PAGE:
Tilman Singer’s debut feature Luz is… wonderful. I found myself at a loss for words after viewing it, because I wasn’t sure what I was supposed to get out of the story, but I was riveted for the duration. Shot on 16mm, Luz looks like it came from a different era. Singer pays tribute to Cronenberg, Argento, and Fulci (and I really see the Fulci!), but I also see a lot of Kubrick in the shot compositions. Forget all those guys, though. Whatever you can pick out that may have come from another director is negligible compared to the journey Singer carries us on in just over an hour’s run time.
Luz is a cab driver who, in school, had a brush with a demon. Now, years later, the demon has come for her again. She is the object of its desire and it must have her. Luana Velis plays the title character. She is the film’s gravity; while everything is ready to fly off the rails, she holds it together. Jan Bluthardt plays Dr. Rossini, who is called in by the police to determine what has happened to Luz after a car crash that killed one person. Julia Riedler plays Nora, a woman who knows Luz from school and meets Dr. Rossini before he meets Luz. The cast is rounded out by the interpreter, Olarte, played by Johannes Benecke, and police commissioner Bertillon, played by Nadja Stubiger. This is an amazing ensemble, who each contribute an important piece to the increasingly bizarre and horrific drama that plays out in the police station. Riedler is magnetic and Bluthardt is bold, bordering on unhinged (he actually reminds me a bit of Erwin Leder in 1983’s Angst}.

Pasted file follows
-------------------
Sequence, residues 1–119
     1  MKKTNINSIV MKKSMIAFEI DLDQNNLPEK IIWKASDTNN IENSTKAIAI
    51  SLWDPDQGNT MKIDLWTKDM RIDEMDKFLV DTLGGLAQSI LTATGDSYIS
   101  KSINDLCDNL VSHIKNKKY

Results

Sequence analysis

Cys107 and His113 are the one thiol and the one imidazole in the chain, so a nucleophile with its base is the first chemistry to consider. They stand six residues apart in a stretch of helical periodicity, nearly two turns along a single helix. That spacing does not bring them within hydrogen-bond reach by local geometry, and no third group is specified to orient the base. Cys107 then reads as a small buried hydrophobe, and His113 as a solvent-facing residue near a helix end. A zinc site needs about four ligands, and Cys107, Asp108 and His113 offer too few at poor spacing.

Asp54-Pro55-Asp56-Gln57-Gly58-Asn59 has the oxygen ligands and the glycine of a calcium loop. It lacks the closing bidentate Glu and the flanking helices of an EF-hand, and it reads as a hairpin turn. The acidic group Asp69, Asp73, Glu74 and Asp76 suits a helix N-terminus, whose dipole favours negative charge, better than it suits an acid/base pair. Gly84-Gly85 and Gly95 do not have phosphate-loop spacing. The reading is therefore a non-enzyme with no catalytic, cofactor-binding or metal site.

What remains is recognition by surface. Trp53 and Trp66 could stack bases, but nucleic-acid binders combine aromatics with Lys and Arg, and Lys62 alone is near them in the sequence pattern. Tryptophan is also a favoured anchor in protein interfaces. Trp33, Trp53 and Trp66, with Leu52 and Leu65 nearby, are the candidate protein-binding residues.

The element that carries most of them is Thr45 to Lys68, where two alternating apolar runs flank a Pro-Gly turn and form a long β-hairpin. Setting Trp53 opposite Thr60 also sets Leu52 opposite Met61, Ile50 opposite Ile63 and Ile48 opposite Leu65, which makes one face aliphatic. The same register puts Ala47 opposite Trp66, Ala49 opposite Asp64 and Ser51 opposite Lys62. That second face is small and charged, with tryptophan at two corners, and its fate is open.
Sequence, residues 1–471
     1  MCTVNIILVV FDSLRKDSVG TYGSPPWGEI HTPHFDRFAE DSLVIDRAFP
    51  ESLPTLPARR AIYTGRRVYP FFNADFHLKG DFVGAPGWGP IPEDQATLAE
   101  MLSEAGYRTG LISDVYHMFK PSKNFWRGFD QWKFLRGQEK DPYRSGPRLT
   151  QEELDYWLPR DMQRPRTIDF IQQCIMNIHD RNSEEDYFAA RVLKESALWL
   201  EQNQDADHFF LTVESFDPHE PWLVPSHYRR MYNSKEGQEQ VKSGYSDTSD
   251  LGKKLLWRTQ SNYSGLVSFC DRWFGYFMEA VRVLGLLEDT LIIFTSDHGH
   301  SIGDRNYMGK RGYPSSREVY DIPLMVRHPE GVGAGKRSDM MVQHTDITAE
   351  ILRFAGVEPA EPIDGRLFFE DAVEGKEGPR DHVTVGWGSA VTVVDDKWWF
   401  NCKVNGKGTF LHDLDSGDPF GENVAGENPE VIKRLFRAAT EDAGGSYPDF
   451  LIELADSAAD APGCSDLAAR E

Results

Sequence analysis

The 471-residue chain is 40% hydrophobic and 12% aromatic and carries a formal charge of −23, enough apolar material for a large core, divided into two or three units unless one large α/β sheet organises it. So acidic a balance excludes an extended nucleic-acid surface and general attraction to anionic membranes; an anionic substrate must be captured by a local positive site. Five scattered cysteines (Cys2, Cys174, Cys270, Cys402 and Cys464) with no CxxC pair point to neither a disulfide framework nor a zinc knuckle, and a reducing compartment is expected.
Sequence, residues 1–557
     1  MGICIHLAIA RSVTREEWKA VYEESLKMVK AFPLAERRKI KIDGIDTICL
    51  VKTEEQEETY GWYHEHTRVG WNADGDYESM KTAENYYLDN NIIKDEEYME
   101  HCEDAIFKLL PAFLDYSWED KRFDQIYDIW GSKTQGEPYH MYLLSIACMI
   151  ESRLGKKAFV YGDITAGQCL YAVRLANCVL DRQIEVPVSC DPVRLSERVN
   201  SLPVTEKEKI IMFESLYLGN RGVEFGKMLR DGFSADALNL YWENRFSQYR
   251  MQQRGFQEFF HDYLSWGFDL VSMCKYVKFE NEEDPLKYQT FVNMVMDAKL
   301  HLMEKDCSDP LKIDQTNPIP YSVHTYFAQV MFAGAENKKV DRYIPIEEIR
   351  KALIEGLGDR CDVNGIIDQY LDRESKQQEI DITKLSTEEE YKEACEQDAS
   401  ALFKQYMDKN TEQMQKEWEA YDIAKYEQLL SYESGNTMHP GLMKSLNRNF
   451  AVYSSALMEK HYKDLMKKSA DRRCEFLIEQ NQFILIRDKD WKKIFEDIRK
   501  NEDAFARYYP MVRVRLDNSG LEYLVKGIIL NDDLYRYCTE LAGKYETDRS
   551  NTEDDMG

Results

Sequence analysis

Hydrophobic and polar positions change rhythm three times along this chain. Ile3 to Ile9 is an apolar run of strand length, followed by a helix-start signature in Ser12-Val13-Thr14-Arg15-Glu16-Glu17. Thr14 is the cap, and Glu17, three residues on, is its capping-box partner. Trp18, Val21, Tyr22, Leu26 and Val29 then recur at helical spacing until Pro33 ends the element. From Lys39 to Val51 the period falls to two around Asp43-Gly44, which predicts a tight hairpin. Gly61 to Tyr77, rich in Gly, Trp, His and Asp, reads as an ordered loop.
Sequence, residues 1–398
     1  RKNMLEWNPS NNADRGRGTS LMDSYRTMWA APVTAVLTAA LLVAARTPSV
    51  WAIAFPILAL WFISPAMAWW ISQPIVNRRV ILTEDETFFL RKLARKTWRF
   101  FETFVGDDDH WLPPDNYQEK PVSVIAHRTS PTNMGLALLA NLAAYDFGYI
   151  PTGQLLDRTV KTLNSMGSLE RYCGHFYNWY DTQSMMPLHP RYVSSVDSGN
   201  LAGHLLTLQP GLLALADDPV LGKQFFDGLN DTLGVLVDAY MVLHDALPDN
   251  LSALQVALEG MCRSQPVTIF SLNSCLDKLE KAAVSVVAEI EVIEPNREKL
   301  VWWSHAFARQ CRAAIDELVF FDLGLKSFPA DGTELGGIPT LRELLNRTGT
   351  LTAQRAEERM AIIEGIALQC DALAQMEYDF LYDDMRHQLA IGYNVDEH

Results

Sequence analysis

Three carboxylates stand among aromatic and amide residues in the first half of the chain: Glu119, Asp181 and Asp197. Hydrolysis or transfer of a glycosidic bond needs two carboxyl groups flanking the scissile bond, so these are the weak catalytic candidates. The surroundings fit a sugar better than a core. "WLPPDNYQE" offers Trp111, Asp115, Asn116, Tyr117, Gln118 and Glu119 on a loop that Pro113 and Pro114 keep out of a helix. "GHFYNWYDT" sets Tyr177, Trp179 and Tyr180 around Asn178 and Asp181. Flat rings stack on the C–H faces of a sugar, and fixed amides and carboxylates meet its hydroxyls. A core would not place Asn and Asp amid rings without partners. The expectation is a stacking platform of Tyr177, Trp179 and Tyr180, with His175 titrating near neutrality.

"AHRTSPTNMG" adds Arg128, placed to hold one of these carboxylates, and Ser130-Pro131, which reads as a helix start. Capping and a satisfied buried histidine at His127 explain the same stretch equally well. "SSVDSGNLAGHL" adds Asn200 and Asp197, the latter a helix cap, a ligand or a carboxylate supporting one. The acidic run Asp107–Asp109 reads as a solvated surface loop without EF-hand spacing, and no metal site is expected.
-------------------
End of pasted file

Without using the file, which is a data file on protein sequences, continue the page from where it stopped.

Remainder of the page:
It’s frustrating to even to say anything about this film other than, “you need to see it!” The cinematography is gorgeous, the score is perfect, and if I didn’t know this was Singer’s debut feature, I would have assumed he was a seasoned vet. Luz is a very particular type of horror film, full of ever-tightening threads that never leans on any trope, at least not in an expected way. Every shot invades your personal space and breathes on you, and you want it to.
Luz debuts tonight in New York and Los Angeles with a national release to follow. It is distributed by Screen Media Films (The Man Who Killed Don Quixote, Cold Blood).